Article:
Liked by 1 person

      • Erin

        November 22, 2017 at 6:27 pm

        Silent-wise, I’ve seen Flesh and the Devil, Love, A Woman of Affairs and The Kiss, but only once each and none of them very recently; that said, I remember Flesh and the Devil being my favorite of the bunch. Love is based on Anna Karenina (modernized, as I recall), so that’s interesting, especially considering that Garbo later starred in a talkie version of the story (which I haven’t seen).

        Liked by 1 person

        • christinawehner

          November 22, 2017 at 7:34 pm

          A modernized Anna Karenina sounds rather interesting. I saw her later talkie version, but that was quite a while ago. It would be fascinating to see the silent version. Will definitely have to try Flesh and the Devil, too. Thanks!

          Liked by 1 person

  2. Michaela

    November 22, 2017 at 7:24 pm

    Excellent post, Christina! I’m a big fan of Garbo, mainly because I find her so stunning. When she’s on the screen, I can’t look anywhere else. The things she could suggest with just one look! Unfortunately, she wasn’t always paired with the best material, so it can be tough sometimes to get through her filmography, especially since it’s essentially one tragic drama after the next.

    That being said, I would recommend Flesh and the Devil (her electric first pairing with John Gilbert), Queen Christina (her fascinating final pairing with Gilbert), and Anna Karenina with Fredric March and Basil Rathbone.

    Liked by 1 person

    • christinawehner

      November 22, 2017 at 7:38 pm

      Thanks for the recommendations! I will definitely have to see those. I have read so much about John Gilbert and Garbo, but have unbelievably yet to see them together.

      That’s a good point about how she was not always given the best material to work with. I wonder why that was or if they just felt so confident in her and her abilities that it made them a bit lazy about providing her good material. I agree – it’s nearly impossible to look at anyone else when she is on screen.

      Liked by 1 person

  3. Le

    November 24, 2017 at 11:16 am

    I have watched Greta in another 1926 film, but not The Temptress. And, wow, I’m already past the 21 mark and I can’t believe how such a young woman could be so beautiful. And I agree: our curiosity for her is never satisfied!
    Great article! Kisses!

    Liked by 1 person

    • christinawehner

      November 24, 2017 at 6:21 pm

      I know what you mean! I watch these films and feel like actresses like Greta Garbo, though younger than I am now, seemed so much more adult than I feel. 🙂


  4. Elizabeth

    November 28, 2017 at 2:06 am

    Great post and great film! You’re so right about Garbo. Her allure is very mysterious and it’s difficult to put a finger on what exactly makes her so intriguing. But she is most definitely intriguing and draws you in. I enjoyed reading your post!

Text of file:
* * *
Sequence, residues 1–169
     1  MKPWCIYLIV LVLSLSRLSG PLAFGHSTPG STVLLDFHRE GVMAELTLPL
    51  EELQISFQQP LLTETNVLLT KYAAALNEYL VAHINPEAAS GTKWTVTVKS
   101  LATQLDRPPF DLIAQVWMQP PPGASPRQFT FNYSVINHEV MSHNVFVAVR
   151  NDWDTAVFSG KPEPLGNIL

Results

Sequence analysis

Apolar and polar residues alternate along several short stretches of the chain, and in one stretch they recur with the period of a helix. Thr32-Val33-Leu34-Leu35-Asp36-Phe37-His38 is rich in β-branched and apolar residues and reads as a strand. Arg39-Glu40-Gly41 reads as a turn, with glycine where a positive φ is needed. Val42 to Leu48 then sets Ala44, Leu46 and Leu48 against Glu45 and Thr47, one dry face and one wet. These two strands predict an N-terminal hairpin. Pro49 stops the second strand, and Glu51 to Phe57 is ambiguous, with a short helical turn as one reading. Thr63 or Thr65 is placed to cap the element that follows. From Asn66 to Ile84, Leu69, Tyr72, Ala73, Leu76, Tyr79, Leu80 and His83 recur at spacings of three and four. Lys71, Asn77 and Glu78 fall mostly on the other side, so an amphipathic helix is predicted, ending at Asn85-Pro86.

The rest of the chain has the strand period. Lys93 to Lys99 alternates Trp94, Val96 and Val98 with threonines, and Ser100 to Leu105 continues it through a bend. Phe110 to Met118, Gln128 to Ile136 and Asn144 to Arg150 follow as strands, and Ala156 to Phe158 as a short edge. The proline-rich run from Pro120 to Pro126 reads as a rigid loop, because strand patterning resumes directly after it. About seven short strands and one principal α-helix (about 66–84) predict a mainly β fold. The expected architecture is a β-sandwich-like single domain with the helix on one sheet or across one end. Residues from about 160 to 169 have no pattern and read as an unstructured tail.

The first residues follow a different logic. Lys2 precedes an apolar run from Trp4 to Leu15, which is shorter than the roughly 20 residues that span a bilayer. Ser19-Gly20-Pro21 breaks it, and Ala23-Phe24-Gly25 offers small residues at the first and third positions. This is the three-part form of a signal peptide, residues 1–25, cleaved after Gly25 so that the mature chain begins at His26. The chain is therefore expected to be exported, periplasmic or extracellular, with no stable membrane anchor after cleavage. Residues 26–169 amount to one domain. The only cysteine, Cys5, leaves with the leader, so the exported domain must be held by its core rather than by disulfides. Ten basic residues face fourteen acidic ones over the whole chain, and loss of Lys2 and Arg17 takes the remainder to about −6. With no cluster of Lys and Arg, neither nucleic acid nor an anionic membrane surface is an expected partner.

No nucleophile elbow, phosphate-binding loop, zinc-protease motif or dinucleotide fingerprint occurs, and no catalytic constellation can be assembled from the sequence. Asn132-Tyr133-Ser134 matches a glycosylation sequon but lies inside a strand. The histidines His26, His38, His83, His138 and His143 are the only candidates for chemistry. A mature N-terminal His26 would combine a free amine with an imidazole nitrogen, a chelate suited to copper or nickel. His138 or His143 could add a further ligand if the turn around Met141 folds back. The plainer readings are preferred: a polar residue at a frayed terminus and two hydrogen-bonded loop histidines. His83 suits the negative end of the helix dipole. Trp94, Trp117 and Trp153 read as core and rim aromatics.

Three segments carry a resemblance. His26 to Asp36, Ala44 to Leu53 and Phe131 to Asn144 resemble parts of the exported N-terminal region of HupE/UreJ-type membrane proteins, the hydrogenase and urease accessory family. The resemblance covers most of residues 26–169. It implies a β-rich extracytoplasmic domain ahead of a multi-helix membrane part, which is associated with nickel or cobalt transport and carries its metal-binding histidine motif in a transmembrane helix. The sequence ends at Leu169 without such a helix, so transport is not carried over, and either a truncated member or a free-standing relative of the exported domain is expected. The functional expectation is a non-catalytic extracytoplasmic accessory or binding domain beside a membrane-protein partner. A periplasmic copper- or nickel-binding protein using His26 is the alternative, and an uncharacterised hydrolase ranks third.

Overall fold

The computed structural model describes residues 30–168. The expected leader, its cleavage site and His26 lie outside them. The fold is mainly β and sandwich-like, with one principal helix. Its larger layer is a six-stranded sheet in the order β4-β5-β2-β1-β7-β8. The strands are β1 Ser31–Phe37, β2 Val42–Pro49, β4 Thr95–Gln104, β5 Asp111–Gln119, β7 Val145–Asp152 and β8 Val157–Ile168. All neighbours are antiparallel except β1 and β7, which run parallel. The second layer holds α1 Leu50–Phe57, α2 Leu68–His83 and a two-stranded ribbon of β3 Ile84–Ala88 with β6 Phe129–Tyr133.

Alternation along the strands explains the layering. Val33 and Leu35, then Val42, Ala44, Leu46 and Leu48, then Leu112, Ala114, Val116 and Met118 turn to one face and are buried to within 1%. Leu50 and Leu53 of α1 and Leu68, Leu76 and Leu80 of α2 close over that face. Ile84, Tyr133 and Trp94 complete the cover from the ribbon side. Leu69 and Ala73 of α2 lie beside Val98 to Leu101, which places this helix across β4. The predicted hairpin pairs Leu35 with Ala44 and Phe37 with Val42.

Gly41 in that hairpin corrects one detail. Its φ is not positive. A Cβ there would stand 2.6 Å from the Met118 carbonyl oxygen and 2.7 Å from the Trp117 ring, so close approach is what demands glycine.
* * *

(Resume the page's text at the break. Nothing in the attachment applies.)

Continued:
Liked by 1 person

    • christinawehner

      November 29, 2017 at 1:01 pm

      Thanks! It is interesting how some stars seem to have that mysterious quality that works so well on screen. I wonder if it was only on screen for Greta Garbo or if she would have had the same quality on stage. People are always talk about her eyes, which couldn’t be seen on stage.


  5. Carol

    December 5, 2017 at 6:25 am

    ‘She seems to draw you in with curiosity, but never actually satisfies that curiosity.’ Spot on.

    Liked by 1 person

  6. amycondit

    December 15, 2017 at 12:34 pm

    I have some video cassettes (!) of TCM Garbo marathons, and don’t think I’ve watched this one over the years. Will have to remedy that! I recently recorded “The Single Standard”, and am sure I’ll enjoy that one.

    I appreciate the silent mystique of Garbo, but also appreciate her acting talents in talkies like “Anna Christie” and especially “Grand Hotel”.

    Liked by 1 person

    • christinawehner

      December 15, 2017 at 10:14 pm

      Wow, that’s impressive! I can’t play video cassettes anymore, but often wish I still could.

      A marathon of Greta Garbo would be lovely! I finally watched her in Camille and thought she was excellent, but have yet to see Anna Christie. Definitely want to, though.


  7. In The Good Old Days Of Classic Hollywood

    December 21, 2017 at 3:22 am

    Hey Christina. I’m really sorry for the late reply. I’ve been meaning to reply, but I’m back in my home state visiting family, and I’ve been at my grandparents for the past few weeks who live in the bush. The internet has been so bad. It’s hard to get online, and even then it keeps conking out. Anyway, I want to thank you for participating in the blogathon with such a great post.

    I announced another blogathon before I went away, and I’d love to invite you to join in. The link is below with more details.

    Liked by 1 person

    • christinawehner

      December 21, 2017 at 11:16 am

      I totally understand how that goes with the internet! 🙂

      It was a pleasure to be able to see Greta Garbo during the silent era. Thanks for the invite! I am definitely going to participate, but need a little time to consider the topic.